Tuesday, March 24, 2015

California Dreamin' — Censoring What You Say About It (24 May 2013)

          It was several small masscres ago — about the time when I started thinking seriously about moving to California — and the General Assembly of the Golden State reacted to the demand to DO SOMETHING!!! about gun violence by adding another requirement for shrinks to report to police authorities on their, the shrinks', conversations with their clients.

          "Well," I thought, "if I ever have to talk to a professional in California about mental issues, I'll stick to a lawyer or priest."

         Professional conversations with lawyers and priests are still privileged, even in California, and I sincerely hope Church authorities have kept up, or will soon return to, the old custom of burning at the stake priests who violate the seal of confession. And you can add to the pyre lawyers who tattle on their clients.

         Or, if that seems extreme, perhaps just defrocking priests and disbarring lawyers and banishing them from respectable society.

         You see, I probably should never talk to a California shrink, possibly to no one in the mental health biz, because I say things like my hoping for burning at the stake priests — or lawyers or shrinks — who finque on their clients.

         I sometimes write with violent imagery and sometimes "image" (briefly) baroquely unpleasant outcomes for people who annoy me.

         Although I may not do this as often as most people.

         I declined to see Zero Dark Thirty (2013) because of its torture scene(s), and I've never seen a a Texas Chainsaw remake. (For professional reasons, I had to watch the original Chainsaw and the original Saw and that will do me for that series.) Indeed, I felt compelled to caution one younger colleague when we compared notes on having courses micromanaged by a council of busybodies at our university: he talked about fantasizing walking into one of their meetings with a flamethrower, and I chided him for lacking in his imaginings the personal touch. "A Sarah-Connor-style pump-action shotgun," I said. "You get satisfying imagined splatter while respecting individuality."

         Long before that, a colleague my own age asked me how I could sit through Student Affairs Council meetings smiling beatifically amidst the droning bullshit. I said the secret was using one's imagination. "I play 'Damn the Dean' and picture something out of Dante, just updated."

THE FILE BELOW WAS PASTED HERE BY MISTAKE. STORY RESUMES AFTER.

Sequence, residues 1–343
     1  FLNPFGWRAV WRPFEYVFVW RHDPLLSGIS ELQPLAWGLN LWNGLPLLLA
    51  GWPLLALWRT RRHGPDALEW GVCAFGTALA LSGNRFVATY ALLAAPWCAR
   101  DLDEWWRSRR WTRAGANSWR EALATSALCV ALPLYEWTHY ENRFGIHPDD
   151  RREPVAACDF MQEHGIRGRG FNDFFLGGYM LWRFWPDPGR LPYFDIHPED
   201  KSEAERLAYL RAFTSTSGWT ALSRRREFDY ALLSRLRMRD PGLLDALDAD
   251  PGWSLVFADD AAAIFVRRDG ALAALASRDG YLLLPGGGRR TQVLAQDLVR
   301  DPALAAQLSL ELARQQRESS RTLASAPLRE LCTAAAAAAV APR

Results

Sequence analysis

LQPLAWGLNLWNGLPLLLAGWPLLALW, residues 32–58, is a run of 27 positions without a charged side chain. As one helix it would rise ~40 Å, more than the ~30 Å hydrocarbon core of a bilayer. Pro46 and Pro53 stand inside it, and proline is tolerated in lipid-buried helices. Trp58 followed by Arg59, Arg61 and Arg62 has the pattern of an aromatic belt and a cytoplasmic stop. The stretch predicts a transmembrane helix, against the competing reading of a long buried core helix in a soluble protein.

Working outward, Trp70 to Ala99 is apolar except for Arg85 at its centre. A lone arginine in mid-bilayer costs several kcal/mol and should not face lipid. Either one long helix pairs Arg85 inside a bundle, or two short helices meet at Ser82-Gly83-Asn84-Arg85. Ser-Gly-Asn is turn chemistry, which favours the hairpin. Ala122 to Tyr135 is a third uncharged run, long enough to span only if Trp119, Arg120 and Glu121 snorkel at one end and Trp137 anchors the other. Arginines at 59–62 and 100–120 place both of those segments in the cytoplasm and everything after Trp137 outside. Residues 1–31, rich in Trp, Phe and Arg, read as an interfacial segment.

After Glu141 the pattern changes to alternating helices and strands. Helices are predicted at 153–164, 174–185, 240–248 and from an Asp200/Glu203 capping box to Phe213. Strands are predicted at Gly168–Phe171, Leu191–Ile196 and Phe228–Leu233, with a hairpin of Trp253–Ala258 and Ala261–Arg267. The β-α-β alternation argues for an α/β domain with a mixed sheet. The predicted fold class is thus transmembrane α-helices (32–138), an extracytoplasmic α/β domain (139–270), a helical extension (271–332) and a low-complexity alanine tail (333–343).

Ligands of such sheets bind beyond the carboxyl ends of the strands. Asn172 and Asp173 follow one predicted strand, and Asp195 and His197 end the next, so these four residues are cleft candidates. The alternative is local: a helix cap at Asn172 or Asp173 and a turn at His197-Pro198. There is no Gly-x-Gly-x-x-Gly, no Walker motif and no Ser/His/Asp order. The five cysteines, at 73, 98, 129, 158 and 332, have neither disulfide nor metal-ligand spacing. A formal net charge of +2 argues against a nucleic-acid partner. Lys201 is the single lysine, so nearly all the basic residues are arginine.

She was a respectable woman, the product of a good Catholic upbringing, but one light on the Dante-esque.

         So I bought her a Fantasy Aid: a miniature sound-effects device that you could point at someone and listen to the quiet sounds of machine-gun fire, rockets, and a couple other appropriately nasty noises (crossbow-bolt thuds?). She accepted the present and the advice and went on to finish her term of office — or sentence, perhaps — on Council.

         John of Patmos — John, anyway, of The Book of Revelations — was not the first guy to picture horrible ends for his enemies, and Dante was very far from the last. (And these guys were Christians!) Indeed, women, from time to time, have not been totally immune: one wife in a long-term marriage was asked if she had ever contemplated divorce. "Divorce?" she said. "Never! Now murder (pause) — frequently."

         Would the long-married and probably totally-harmless lady be wise to say that line to a shrink in California? Would the shrink be obligated to follow-up with questions to be sure she had not become a threat?

         Perhaps more interestingly, if Dante Aligheri were to discuss his visions with a clinical psychologist in California would he be reported to police authorities for threats to, say, a Pope or two?

         For sure he could get into trouble talking to a counsellor in some school districts.

         The drugs psychiatrists can offer can be effective, perhaps especially effective when combined with some talk. If the talk is potentially dangerous to a client, however — if it could get "shared" with police authorities or others — then there is an interesting balancing of risks and benefits here.

         Perhaps one would do best to come up with a story for a shrink that might get one healing drugs, but wouldn't get one into trouble. For serious talk, though, at least in California, one might do best to see a priest or lawyer; they're allowed to keep secrets.

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